Alok Anand Ashley Davidoff MD
Milk of calcium bile, also known as Limey Bile Syndrome, is a term used to describe bile secretions that appear radioopaque or “milky” on radiographic imaging of the gallbladder and occasionally the common bile duct. This bile is rich in calcium carbonate and calcium bilirubinate, from which the term calcium bile originates. It is a rare finding, believed to cocur in 0.3% of all cholecystectomies.
The cause of this phenomenon is unknown, although it does appear to occur in the presence of bilary stasis and cholelithiasis.
Clinically the presentation of patients is similar to chronic cholecystitis, with intermittent RUQ pain lasting several months to several years. Patients may present more emergently with fever, RUQ pain and obstructive jaundice.
The diagnosis is made by finding high density sedimented fluid layering below normal bile lying dependently in the gallbladder.
Surgical treatment is not indicated unless patients are symptomatic.
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Typically the gallbladder and bile ducts are dilated, as with cholecystitis.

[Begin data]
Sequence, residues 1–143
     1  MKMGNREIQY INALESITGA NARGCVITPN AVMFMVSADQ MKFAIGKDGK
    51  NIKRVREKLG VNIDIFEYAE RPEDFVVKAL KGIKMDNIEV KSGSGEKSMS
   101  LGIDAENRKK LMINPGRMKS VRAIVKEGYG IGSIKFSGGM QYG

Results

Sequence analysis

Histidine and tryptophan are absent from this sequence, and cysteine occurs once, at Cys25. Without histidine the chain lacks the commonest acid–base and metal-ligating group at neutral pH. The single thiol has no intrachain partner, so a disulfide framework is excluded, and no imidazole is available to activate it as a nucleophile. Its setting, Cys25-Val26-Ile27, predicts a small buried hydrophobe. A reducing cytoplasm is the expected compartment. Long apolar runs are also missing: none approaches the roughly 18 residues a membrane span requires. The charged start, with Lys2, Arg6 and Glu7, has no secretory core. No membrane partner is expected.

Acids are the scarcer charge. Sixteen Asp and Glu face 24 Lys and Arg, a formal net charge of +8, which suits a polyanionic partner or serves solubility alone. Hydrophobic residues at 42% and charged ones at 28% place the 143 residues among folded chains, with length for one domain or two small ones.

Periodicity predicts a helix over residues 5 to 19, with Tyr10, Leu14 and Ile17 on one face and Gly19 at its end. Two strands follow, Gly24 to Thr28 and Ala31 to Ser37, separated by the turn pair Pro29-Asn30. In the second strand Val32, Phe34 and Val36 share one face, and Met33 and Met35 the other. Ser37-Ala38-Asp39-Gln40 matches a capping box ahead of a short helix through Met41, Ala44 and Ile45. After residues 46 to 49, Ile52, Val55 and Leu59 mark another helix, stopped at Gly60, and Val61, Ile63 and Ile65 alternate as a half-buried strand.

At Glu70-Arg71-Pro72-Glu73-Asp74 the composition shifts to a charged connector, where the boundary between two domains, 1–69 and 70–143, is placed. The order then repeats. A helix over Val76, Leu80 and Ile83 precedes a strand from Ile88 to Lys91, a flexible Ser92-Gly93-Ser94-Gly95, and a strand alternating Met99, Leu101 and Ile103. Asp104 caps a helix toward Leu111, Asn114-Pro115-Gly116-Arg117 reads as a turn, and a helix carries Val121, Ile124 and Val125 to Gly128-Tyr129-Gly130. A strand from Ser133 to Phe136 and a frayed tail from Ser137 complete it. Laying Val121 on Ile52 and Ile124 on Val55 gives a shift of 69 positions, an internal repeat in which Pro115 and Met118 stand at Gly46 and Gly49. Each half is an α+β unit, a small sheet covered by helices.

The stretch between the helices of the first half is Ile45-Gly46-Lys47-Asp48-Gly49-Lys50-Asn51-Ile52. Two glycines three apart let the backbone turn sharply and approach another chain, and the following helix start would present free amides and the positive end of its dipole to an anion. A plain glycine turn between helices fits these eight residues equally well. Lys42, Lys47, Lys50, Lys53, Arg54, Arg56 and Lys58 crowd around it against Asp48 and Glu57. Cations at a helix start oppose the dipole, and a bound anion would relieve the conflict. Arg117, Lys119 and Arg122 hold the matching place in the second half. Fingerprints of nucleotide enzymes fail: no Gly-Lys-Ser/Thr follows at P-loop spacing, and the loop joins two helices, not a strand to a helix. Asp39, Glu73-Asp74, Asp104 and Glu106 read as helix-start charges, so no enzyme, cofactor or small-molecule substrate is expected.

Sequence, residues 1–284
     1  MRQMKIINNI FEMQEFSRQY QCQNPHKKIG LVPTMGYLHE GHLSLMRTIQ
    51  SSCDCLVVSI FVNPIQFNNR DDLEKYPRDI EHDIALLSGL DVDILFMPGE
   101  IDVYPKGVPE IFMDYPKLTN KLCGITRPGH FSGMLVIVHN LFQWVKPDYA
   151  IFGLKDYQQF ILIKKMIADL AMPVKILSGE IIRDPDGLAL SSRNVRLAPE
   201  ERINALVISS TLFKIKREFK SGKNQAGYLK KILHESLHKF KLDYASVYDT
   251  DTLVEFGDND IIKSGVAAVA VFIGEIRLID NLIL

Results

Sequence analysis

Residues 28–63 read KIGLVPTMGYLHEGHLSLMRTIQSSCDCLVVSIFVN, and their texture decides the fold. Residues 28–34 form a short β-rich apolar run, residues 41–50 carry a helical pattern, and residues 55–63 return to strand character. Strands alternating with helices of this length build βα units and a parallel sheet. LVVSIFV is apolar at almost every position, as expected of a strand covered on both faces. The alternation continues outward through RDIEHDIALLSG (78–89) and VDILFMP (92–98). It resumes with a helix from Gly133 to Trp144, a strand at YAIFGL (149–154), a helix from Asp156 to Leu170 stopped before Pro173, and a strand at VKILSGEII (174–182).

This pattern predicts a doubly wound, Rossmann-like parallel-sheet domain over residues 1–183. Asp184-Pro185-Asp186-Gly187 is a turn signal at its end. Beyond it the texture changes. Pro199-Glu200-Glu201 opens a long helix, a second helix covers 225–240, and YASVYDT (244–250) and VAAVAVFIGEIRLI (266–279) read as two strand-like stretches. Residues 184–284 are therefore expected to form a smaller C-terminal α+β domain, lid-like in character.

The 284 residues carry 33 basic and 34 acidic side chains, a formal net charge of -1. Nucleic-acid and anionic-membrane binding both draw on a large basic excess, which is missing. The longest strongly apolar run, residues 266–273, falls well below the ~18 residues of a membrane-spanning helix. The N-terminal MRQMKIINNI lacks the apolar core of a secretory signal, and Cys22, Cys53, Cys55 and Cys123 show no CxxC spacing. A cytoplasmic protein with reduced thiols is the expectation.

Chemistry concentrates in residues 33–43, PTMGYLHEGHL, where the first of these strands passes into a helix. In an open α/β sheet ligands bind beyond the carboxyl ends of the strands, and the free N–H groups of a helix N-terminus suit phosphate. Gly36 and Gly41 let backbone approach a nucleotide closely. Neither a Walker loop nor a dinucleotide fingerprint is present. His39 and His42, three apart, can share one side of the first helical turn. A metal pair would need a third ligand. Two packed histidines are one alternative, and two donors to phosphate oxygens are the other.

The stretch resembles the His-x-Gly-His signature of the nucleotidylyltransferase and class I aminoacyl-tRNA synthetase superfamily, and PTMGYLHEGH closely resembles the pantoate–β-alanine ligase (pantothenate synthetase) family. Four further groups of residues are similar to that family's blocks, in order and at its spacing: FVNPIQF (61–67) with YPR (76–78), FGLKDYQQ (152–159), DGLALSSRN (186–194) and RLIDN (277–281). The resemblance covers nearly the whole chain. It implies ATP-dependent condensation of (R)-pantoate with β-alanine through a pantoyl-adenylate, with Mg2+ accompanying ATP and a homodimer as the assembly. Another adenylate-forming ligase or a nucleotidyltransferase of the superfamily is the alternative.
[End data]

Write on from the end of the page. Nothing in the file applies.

Changes in character include the presence of a thick, paste-like, radio-opaque material in the gall bladder and/or common bile duct lumen. It is usually accompanied by the presence of discrete gallstones as well. On imaging, particularly ultrasound, this may appear similar to a porcelain gallbladder.
Structural changes may include an inflamed and distended gallbladder with a hyperemic wall usually due to chronic inflammation.
Functionally, receiving of bile is believed to be relatively normal, whereas the formation of Calcium bile occurs in processing, and impaired exporting leading to stasis and precipitation of inorganic calcium salts.
Mazzie, J. P.; Gold, B. M.; Bartolomeo, R. & Katz, D. S. Milk of Calcium in the Common Bile Duct: CT Identification Am. J. Roentgenol., 2002, 179, 804-805.
Ballas, K. D.; Alatsakis, M. B.; Rafailidis, S. F.; Psarras, K. & Sakadamis, A. K. Limy bile syndrome: review of seven cases. ANZ J Surg, Second Propedeutical Department of Surgery, Aristotelian University of Thessaloniki, Hippokration General Hospital of Thessaloniki, Greece., 2005, 75, 787-789